What is the Armed Forces Compensation Scheme?

The Armed Forces Compensation Scheme or AFCS

The Armed Forces Compensation Scheme (AFCS) is designed to give compensation for injury or illness caused or made worse by service in the UK Armed Forces. It also covers cases where death is caused by service in the UK Armed Forces.

Injuries or death before 6 April 2005 come under the War Pension Scheme (WPS - please see below).

No fault

The AFCS is supposed to be a 'no fault' scheme, and is therefore supposed to be different from awards for damages paid through the courts following a successful civil claim for negligence. It may help to have a brief explanation of negligence for comparison:


  • Imagine you go to the hospital with a really bad tummy ache. You see a doctor, let’s call him Dr Nick (“hi everybody!”) who asks you some questions about what you’ve eaten, where the pain is, how you’re pooping. Dr Nick owes you a specific duty of care, which is the first test for negligence, and his actions are compared to a theoretical group of doctors with the same training and experience as Dr Nick. 
  • Imagine Dr Nick concludes you have constipation and sends you home with some laxatives and pain killers, but doesn’t examine you. If the imaginary group of doctors like yours would have examined you and found that you probably had appendicitis, and they would have admitted you for keyhole surgery to check your appendix, then Dr Nick has probably breached his duty of care to you.
  • This does not mean that Dr Nick has been negligent. To be negligent, Dr Nick’s breach of duty must cause you to suffer harm. If your symptoms resolve and your appendix calms down naturally, Dr Nick has not caused you harm. If you walk from the examination into the hospital corridor, double over in pain, and are rushed to surgery where your appendix is removed, then Dr Nick did not cause you harm, as your appendix was going pop even if he’d rushed you straight to surgery.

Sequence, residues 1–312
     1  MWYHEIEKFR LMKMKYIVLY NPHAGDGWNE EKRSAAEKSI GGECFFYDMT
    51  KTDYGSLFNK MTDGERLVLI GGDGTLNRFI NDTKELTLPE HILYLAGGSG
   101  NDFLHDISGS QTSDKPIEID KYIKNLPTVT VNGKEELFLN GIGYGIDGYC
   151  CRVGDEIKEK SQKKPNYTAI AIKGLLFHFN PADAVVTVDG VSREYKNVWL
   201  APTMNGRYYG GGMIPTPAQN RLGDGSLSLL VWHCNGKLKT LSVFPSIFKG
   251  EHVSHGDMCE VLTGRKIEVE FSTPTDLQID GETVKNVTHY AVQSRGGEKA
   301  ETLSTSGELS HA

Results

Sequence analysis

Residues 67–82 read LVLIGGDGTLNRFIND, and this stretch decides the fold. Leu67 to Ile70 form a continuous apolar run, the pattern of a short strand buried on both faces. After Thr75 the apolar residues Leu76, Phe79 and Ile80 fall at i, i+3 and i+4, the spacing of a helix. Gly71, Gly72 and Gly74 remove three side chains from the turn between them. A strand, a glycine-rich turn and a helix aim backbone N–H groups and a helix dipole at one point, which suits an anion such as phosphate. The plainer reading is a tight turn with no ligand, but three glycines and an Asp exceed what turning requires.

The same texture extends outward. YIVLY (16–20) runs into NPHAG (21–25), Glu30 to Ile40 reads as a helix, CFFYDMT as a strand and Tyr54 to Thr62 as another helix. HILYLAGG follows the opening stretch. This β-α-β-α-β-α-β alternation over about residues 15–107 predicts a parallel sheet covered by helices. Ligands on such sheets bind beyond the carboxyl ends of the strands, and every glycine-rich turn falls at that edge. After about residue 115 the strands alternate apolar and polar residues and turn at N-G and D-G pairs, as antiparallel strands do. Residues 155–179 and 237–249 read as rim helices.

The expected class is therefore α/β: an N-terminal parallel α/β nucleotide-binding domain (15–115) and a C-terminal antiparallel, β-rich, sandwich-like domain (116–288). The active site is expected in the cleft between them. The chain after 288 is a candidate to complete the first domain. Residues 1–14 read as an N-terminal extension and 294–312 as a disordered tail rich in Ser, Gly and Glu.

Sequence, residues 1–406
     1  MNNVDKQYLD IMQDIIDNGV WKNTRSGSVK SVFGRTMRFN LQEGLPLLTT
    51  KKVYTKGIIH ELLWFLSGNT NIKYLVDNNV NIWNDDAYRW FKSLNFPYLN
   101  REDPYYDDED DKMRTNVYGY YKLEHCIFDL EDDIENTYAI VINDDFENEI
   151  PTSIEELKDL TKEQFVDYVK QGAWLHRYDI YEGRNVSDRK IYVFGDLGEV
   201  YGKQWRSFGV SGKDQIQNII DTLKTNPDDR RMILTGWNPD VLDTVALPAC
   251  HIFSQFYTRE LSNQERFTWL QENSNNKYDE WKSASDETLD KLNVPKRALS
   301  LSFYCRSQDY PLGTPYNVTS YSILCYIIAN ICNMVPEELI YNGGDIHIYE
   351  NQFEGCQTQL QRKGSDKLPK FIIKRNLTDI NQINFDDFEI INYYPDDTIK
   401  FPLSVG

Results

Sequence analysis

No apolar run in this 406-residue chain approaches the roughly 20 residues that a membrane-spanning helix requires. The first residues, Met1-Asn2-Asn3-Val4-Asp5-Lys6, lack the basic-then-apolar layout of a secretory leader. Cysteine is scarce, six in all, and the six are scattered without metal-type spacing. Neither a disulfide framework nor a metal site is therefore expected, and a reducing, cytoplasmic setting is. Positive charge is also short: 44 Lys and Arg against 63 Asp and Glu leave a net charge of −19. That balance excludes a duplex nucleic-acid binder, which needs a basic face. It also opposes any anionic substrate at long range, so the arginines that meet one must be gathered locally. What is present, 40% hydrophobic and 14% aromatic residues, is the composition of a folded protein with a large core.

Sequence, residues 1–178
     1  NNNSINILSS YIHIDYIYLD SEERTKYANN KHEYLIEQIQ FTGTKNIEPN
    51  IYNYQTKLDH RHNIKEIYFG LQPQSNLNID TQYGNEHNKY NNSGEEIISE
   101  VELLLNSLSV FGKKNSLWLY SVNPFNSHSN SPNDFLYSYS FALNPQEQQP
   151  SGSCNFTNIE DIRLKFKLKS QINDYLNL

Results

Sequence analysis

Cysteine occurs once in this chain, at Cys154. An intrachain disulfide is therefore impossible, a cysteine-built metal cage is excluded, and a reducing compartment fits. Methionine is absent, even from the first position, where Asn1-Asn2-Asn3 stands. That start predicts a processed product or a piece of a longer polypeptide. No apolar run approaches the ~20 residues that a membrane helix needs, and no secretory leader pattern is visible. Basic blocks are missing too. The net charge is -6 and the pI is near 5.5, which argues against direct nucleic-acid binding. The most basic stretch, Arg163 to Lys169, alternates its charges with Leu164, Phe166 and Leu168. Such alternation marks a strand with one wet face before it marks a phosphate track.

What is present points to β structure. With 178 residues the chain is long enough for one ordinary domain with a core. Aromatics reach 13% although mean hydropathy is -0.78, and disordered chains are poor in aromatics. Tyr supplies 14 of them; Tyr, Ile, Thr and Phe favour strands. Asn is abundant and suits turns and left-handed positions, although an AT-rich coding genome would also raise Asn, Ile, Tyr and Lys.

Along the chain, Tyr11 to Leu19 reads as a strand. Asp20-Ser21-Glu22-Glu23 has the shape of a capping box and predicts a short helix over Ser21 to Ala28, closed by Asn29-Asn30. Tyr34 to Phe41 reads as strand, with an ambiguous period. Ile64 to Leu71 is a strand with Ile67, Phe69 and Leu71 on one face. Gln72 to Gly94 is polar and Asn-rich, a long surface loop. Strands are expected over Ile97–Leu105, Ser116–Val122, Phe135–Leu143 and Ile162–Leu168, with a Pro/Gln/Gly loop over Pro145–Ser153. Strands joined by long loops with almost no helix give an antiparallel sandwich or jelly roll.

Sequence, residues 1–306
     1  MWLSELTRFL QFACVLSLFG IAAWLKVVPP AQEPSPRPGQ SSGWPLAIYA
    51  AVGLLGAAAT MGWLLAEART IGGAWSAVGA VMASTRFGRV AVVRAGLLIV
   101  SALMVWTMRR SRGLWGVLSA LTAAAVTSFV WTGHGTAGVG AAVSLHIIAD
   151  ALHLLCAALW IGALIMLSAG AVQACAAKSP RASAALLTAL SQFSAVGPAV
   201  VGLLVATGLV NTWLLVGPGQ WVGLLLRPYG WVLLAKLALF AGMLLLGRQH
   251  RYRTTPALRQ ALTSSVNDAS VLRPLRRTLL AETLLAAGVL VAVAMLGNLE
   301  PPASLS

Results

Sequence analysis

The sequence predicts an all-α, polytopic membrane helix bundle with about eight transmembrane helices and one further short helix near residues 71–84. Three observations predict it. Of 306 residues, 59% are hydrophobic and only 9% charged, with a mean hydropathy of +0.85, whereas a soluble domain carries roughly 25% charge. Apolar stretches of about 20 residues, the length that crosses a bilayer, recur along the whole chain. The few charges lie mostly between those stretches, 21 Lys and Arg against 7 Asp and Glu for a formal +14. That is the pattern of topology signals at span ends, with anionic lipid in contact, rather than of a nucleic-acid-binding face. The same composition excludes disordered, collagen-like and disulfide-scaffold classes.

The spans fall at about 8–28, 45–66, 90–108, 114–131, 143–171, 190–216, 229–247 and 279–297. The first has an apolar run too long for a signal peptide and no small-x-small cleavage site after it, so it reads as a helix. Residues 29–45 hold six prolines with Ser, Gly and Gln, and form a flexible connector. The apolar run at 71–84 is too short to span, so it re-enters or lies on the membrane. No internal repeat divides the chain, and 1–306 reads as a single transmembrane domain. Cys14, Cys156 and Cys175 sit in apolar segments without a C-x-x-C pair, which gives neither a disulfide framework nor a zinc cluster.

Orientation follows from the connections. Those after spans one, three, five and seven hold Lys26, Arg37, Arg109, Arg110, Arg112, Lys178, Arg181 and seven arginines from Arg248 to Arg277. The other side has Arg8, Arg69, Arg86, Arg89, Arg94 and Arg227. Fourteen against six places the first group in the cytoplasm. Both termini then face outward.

• If, however, you go home, take the laxatives and painkillers, but your tummy pain gets worse; you're taken back to hospital by ambulance, where you are rushed to surgery, and your appendix is found to have ruptured; the surgeon needs to do open surgery instead of keyhole, which leaves a scar, and the burst appendix causes sepsis, and so you have to stay in hospital for a few days on antibiotics; this is where Dr Nick has caused you harm. As an appropriately trained doctor, your ruptured appendix was foreseeable if he discharged you, and he may therefore have been negligent, and you can bring a claim against him for that negligence.
    It’s worth noting that even in such situations, it’s not certain Dr Nick was negligent. His actions may have been reasonable, especially if he told you to keep an eye on your pain and come straight back to hospital if it got worse. If it was constipation, he saved you from unnecessary keyhole surgery because you'd been eating Biscuits Brown for a week.

Part of the intention in making the AFCS no fault is to avoid the legal complexity of a negligence claim, but still look after service personnel wounded while serving. That’s the aim, anyway.

So essentially negligence covers situations where someone is at fault for an injury. It is possible you may have grounds for a civil claim in negligence as well as your claim through the AFCS. If you are successful with both, though, you don’t get a higher level of compensation, as you can’t recover twice for the same injury, so the compensation would be merged. 

Two key differences are that in negligence the losing side pays the winning side’s legal costs, and the case management and the decision in negligence are overseen by impartial judges. These are really important aspect in the AFCS, which I’ll discuss elsewhere on the site.